Why reporting disability hate crime doesn’t pay

I recently reported an incident of hate crime to the police. It was committed against me by someone who had been doing the same sort of thing over the years. Last year the local police, the housing officer and myself decided that I should report it through official channels so it could lay on file as an historical act and contribute to evidence when it happened again. I knew it would happen again, he’s not the kind of person to let go.

I made a statement and was told that the man in question would be interviewed under caution and it was intimated that it would be soon. Two weeks later I still hadn’t heard from the officer who was dealing with the case or even what his or her name was so I rang and asked for a phone call. I didn’t get a phone call.

Yesterday I rang and asked what was going on. The officer had picked up my message and ignored it. The woman at the control centre sighed throughout our conversation and she obviously thought it was unreasonable to expect a phone call in the evening – perhaps she thought people with mental health problems were incapable of answering the phone after a certain time of day. I asked to speak to the officer’s supervising officer. Unsurprisingly he was unavailable so I decided to raise a formal complaint and was told that I would receive a call from an Inspector within 48 hours. I still did not know if the officer who was dealing with the case was male or female and I’m not entirely sure if I was even told their name.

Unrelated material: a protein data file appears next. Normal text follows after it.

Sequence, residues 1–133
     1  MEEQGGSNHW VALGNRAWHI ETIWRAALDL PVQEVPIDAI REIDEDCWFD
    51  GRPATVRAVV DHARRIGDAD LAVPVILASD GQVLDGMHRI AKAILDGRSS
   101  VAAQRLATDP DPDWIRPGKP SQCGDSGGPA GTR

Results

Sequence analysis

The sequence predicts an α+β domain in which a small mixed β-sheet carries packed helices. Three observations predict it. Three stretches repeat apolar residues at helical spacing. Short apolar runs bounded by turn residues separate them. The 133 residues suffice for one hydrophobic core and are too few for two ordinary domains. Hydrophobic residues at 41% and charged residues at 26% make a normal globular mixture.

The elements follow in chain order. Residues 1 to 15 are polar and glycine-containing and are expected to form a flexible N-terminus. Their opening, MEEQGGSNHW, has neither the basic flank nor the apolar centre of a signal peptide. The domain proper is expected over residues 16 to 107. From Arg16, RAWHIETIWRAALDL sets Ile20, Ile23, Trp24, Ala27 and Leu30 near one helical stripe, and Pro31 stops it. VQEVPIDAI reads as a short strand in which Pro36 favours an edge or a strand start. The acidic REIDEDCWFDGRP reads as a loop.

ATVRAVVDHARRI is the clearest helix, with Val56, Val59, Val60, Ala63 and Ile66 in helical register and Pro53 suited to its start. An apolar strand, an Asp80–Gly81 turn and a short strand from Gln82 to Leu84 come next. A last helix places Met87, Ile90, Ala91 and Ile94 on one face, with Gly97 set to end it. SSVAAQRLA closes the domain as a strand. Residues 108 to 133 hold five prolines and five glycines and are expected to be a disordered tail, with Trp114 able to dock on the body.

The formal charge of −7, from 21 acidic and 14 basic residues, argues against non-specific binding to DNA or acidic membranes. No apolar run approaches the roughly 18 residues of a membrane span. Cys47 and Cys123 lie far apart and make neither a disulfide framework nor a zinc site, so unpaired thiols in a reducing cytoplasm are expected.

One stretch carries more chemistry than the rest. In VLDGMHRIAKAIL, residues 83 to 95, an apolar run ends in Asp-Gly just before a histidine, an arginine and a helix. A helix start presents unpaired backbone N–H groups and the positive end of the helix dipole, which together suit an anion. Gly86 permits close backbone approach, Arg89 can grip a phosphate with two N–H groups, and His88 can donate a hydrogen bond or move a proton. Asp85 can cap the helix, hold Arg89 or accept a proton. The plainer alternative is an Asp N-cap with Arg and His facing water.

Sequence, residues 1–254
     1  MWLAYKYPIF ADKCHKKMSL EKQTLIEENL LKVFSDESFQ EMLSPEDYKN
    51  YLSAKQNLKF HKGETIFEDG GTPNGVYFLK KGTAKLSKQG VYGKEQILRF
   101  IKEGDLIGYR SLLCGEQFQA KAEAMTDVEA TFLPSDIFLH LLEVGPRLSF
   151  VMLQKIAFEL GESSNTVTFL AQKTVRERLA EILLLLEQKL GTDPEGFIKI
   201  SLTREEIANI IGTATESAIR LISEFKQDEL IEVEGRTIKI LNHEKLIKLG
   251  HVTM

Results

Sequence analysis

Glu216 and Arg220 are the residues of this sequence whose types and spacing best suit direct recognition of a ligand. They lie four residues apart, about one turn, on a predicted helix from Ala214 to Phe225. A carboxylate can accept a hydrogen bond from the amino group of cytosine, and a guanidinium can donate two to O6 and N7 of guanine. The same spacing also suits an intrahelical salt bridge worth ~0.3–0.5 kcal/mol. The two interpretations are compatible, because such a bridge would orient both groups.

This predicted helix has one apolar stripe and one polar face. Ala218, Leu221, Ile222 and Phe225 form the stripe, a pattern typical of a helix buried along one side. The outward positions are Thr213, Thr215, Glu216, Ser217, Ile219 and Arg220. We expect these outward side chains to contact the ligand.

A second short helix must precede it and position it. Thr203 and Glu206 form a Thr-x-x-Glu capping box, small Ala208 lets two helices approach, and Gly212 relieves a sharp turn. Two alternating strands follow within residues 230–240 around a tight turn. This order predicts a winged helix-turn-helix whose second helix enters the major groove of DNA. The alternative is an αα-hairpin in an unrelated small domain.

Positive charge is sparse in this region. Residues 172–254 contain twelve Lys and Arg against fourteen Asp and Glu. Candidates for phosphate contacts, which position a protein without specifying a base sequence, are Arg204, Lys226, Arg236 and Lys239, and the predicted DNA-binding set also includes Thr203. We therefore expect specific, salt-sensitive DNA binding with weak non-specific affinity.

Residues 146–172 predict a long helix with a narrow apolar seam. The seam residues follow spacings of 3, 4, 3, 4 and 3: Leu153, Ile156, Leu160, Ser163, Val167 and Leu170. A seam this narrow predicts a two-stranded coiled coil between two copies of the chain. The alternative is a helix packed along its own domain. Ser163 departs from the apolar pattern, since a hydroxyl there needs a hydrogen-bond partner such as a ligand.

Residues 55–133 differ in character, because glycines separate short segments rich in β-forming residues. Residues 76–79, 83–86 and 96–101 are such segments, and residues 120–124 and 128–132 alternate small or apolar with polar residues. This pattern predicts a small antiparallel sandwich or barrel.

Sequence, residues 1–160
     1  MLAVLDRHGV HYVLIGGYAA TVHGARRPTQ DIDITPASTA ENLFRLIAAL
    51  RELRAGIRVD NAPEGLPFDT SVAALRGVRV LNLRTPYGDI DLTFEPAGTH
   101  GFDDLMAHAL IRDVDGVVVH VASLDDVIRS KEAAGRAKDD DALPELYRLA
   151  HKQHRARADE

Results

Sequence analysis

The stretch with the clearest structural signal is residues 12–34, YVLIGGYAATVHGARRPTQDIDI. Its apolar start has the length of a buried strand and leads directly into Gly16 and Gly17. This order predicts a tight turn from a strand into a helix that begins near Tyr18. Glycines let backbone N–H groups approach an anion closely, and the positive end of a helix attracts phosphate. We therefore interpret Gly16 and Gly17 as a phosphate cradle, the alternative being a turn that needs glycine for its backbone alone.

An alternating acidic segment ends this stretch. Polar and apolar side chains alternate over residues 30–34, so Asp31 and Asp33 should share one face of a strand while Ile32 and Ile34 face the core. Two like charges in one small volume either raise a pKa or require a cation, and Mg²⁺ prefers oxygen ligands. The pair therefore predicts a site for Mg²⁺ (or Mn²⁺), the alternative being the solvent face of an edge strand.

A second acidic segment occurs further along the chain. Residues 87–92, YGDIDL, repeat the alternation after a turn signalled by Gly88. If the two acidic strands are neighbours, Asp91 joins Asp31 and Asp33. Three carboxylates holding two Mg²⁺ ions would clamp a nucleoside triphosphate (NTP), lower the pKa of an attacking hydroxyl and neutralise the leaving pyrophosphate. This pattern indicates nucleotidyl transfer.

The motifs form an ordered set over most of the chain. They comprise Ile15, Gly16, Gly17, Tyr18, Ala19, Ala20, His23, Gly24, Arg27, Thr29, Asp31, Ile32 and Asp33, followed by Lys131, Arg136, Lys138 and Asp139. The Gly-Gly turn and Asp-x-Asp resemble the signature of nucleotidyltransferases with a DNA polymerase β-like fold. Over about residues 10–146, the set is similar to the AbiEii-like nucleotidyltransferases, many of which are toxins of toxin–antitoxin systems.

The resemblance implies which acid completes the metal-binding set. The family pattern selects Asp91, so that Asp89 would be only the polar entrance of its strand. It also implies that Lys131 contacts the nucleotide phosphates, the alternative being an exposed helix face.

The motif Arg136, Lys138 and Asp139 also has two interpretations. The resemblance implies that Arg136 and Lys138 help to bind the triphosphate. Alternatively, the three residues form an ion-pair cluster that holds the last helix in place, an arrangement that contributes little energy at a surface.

This phone call took 44 minutes including 36 minutes on hold. The Inspector rang me within half an hour because I was raising a complaint. A police officer has not been in touch with me over a crime that was committed three weeks ago but an Inspector can respond to criticism within an hour. Strange that.

The Inspector was offensive. He did not identify himself by either name or rank and had obviously barely scanned my statement as he asked me if there was CCTV on a street the incident didn’t happen on. On being questioned about whether or not Disability Hate Crime was considered to be a priority his answer indicated that it was, but only in theory and implied that mental health wasn’t considered a priority.

He went on to tell me that, even though he hasn’t a mental health problem and has not experienced disability hate crime (or any kind of hate crime) he understood my feelings on the subject perfectly. I challenged this statement by saying that unless he had been in the position I was in and had experienced the feelings then he couldn’t possibly understand how I felt. He claims seeing victims of hate crime gives him this understanding but fails to understand that he is seeing the impact of hate crime not experiencing it himself. He told me we’d have to agree to disagree which is a barely polite way of saying that he didn’t agree with my opinion and thought it without value.